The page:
You want to invoke mysql from within a shell script rather than using it interactively.
There's no rule against that. Just be sure to supply the appropriate arguments to the command.
If you need to process query results within a program, you'll typically use a MySQL programming interface designed specifically for the language you're using (for example, in a Perl script you'd use the DBI interface). But for simple, short, or quick-and-dirty tasks, it may be easier just to invoke mysql directly from within a shell script, possibly postprocessing the results with other commands. For example, an easy way to write a MySQL server status tester is to use a shell script that invokes mysql, as is demonstrated later in this section. Shell scripts are also useful for prototyping programs that you intend to convert for use with a standard API later.
For Unix shell scripting, I recommend that you stick to shells in the Bourne shell family, such as sh, bash, or ksh. (The csh and tcsh shells are more suited to interactive use than to scripting.) This section provides some examples showing how to write Unix scripts for /bin/sh. It also comments briefly on DOS scripting. The sidebar "Using Executable Programs" describes how to make scripts executable and run them.
Using Executable Programs
When you write a program, you'll generally need to make it executable before you can run it. In Unix, you do this by setting the "execute" file access modes using the chmod command:
% chmod +x myprog
To run the program, name it on the command line:
However, if the program is in your current directory, your shell might not find it. The shell searches for programs in the directories named in your PATH environment variable, but for security reasons, the search path for Unix shells often is deliberately set not to include the current directory (.). In that case, you need to include a leading path of ./ to explicitly indicate the program's location:
Some of the programs developed in this book are intended only to demonstrate a particular concept and probably never will be run outside your current directory, so examples that use them generally show how to invoke them using the leading ./ path. For programs that are intended for repeated use, it's more likely that you'll install them in a directory named in your PATH setting. In that case, no leading path will be necessary to invoke them. This also holds for common Unix utilities (such as chmod), which are installed in standard system directories.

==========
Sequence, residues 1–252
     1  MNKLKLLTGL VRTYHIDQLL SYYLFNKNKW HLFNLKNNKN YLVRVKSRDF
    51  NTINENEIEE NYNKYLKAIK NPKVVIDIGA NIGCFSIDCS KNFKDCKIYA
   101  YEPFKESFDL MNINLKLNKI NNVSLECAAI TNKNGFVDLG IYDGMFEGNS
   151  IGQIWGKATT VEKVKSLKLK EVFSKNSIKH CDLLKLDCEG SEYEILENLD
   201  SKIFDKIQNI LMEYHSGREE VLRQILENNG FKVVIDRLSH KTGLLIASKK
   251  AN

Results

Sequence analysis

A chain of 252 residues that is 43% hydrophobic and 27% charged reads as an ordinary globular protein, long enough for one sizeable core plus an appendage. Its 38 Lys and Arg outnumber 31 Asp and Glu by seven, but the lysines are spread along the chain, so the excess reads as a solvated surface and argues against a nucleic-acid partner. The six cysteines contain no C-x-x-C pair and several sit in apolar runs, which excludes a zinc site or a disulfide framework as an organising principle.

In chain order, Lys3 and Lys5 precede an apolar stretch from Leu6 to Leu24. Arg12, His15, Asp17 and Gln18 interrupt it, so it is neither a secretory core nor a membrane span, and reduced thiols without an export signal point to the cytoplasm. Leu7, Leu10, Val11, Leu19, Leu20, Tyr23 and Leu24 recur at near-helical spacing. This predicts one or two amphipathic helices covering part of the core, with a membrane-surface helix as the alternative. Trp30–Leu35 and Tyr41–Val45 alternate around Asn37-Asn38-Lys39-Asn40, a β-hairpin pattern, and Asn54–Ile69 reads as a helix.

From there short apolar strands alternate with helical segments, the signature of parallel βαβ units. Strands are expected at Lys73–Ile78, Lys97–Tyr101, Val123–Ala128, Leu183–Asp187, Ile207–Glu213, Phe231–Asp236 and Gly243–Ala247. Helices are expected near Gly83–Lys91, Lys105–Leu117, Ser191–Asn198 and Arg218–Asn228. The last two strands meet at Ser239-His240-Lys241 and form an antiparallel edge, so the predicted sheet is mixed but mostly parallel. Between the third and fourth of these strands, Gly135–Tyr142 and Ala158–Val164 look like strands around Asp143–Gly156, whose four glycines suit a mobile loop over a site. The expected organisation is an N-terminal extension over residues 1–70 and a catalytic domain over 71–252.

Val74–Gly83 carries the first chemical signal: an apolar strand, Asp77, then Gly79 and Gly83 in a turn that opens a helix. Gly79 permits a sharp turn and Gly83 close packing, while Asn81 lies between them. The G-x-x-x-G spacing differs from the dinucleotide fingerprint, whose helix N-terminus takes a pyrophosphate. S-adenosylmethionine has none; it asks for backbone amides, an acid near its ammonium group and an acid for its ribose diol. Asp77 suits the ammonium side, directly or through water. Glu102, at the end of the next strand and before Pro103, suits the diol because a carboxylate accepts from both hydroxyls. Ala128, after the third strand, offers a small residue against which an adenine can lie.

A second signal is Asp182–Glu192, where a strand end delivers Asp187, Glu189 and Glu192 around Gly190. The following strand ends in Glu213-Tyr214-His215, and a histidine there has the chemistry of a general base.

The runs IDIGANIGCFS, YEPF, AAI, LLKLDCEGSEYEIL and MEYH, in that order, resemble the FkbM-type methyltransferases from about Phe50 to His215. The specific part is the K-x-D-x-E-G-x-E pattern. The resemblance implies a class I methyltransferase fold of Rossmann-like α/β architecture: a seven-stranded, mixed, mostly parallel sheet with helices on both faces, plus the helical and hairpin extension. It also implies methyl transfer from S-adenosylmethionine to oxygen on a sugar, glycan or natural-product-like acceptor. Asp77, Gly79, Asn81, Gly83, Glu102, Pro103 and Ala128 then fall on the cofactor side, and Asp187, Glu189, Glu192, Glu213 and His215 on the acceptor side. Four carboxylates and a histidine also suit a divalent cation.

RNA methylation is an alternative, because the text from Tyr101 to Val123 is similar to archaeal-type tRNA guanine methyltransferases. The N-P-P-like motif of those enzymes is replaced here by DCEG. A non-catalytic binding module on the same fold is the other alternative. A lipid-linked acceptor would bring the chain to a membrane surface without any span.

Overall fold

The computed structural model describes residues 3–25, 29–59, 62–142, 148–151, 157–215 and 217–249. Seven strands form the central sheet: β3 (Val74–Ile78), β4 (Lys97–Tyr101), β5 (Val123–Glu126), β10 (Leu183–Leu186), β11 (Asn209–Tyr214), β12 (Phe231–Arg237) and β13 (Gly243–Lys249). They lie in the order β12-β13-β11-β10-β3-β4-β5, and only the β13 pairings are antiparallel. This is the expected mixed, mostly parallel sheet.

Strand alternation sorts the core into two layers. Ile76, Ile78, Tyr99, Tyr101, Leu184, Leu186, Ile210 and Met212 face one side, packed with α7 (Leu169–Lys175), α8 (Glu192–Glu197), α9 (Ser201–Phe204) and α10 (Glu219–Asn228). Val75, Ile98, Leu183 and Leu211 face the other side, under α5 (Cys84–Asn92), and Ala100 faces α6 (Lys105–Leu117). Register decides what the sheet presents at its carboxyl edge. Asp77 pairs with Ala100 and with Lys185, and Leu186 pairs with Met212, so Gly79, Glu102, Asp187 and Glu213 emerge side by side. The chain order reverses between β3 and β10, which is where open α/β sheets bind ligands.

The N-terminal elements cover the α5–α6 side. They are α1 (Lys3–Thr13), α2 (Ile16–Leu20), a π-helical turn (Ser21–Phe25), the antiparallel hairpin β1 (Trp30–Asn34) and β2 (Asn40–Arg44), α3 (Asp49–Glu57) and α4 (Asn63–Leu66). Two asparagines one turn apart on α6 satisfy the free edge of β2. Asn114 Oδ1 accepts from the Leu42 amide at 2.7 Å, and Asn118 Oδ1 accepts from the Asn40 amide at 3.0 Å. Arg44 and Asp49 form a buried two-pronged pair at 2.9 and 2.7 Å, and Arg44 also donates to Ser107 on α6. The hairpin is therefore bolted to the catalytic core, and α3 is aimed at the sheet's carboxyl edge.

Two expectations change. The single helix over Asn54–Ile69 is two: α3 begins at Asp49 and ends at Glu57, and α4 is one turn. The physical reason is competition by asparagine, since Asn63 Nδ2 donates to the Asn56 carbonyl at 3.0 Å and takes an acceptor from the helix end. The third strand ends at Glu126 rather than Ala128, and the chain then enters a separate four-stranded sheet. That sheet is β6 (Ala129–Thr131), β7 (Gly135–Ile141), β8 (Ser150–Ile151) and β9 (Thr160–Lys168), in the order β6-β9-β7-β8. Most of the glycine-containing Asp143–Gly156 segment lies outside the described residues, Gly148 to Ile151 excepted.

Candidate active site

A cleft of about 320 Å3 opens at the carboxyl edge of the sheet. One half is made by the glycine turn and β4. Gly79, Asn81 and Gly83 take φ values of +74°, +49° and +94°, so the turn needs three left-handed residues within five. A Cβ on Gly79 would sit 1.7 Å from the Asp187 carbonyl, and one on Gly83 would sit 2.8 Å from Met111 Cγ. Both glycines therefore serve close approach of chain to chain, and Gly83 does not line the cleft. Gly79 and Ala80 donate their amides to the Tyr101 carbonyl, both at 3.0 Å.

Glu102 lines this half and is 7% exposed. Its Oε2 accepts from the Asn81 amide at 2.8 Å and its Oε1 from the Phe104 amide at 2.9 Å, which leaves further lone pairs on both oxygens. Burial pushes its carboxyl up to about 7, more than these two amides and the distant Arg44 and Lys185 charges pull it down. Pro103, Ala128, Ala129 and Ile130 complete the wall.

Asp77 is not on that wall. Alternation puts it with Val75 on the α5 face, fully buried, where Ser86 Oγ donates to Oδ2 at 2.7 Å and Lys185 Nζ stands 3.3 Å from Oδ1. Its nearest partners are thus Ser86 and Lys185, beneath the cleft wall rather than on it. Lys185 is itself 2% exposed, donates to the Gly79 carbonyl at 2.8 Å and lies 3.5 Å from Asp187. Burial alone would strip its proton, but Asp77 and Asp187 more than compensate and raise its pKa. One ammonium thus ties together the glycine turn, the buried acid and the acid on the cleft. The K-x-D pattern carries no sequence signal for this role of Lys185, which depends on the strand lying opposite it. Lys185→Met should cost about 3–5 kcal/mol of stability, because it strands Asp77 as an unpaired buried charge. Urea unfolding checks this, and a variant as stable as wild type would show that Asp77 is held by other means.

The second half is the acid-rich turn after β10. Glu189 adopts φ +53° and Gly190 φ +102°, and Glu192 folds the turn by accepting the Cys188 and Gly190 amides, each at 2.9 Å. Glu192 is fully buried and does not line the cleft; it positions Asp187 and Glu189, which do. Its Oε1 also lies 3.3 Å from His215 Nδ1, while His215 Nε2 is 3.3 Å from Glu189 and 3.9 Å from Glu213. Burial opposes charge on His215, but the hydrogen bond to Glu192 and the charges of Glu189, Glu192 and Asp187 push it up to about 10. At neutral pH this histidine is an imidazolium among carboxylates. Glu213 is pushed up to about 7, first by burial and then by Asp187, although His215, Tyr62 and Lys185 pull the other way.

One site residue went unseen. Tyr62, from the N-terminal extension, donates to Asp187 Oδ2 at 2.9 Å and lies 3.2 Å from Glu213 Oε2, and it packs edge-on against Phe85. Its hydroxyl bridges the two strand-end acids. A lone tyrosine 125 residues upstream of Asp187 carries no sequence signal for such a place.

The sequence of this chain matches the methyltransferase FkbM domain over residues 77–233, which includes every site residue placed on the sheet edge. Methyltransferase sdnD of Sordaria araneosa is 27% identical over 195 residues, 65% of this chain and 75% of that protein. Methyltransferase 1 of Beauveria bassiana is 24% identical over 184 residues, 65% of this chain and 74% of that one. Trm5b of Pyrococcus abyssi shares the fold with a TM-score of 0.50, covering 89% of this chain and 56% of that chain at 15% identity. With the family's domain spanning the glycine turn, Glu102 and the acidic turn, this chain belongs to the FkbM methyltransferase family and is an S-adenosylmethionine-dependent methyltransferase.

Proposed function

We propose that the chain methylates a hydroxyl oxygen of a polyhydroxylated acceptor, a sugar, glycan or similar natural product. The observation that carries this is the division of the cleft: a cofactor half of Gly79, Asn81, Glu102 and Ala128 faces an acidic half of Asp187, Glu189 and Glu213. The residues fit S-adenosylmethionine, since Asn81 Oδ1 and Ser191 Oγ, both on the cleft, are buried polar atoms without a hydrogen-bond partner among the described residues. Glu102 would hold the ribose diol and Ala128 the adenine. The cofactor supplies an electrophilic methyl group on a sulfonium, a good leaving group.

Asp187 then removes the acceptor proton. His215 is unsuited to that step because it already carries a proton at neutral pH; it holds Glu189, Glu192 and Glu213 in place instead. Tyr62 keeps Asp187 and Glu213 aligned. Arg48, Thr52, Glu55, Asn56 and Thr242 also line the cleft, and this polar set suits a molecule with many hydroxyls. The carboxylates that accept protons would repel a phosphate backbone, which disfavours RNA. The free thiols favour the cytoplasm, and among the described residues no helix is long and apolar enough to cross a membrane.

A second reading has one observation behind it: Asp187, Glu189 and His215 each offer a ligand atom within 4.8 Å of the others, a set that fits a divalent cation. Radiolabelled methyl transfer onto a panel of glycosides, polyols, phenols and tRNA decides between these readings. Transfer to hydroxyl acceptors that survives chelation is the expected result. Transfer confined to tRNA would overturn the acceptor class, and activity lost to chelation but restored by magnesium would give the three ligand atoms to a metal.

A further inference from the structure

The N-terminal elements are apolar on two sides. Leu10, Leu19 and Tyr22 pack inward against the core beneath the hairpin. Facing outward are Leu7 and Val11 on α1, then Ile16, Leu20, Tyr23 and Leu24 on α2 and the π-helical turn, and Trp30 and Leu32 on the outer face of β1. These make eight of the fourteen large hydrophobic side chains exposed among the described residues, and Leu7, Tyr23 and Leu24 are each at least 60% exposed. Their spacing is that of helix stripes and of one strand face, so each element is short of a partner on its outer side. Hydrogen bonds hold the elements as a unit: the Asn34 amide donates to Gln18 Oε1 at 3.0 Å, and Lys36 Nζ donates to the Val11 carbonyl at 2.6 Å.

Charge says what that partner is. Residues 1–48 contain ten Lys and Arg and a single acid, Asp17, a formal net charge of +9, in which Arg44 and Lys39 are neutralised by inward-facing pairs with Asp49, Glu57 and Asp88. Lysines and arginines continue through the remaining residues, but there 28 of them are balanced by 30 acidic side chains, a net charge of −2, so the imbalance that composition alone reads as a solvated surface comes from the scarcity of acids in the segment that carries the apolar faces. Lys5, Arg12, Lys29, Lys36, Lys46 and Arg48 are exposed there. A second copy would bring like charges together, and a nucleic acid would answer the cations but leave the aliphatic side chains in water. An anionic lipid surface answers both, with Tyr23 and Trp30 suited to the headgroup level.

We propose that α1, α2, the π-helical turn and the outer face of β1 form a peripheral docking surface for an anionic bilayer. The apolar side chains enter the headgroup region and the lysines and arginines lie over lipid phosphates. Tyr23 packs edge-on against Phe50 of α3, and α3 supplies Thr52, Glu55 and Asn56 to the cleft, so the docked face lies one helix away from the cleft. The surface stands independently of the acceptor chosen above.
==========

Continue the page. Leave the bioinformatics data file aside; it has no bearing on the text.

Under Windows, programs are interpreted as executable based on their filename extensions (such as .exe or .bat), so chmod is unnecessary. Also, the command interpreter includes the current directory in its search path by default, so you should be able to invoke programs that are located there without specifying any leading path. (Thus, if you're using Windows and you want to run an example command that is shown in this book using ./, you should omit the ./ from the command.)
1.33.4 Writing Shell Scripts Under Unix
Here is a shell script that reports the current uptime of the MySQL server. It runs a SHOW STATUS query to get the value of the Uptime status variable that contains the server uptime in seconds:
#! /bin/sh # mysql_uptime.sh - report server uptime in seconds mysql -B -N -e "SHOW STATUS LIKE 'Uptime'"
The first line of the script that begins with #! is special. It indicates the pathname of the program that should be invoked to execute the rest of the script, /bin/sh in this case. To use the script, create a file named mysql_uptime.sh that contains the preceding lines and make it executable with chmod +x. The mysql_uptime.sh script runs mysql using -e to indicate the query string, -B to generate batch (tab-delimited) output, and -N to suppress the column header line. The resulting output looks like this: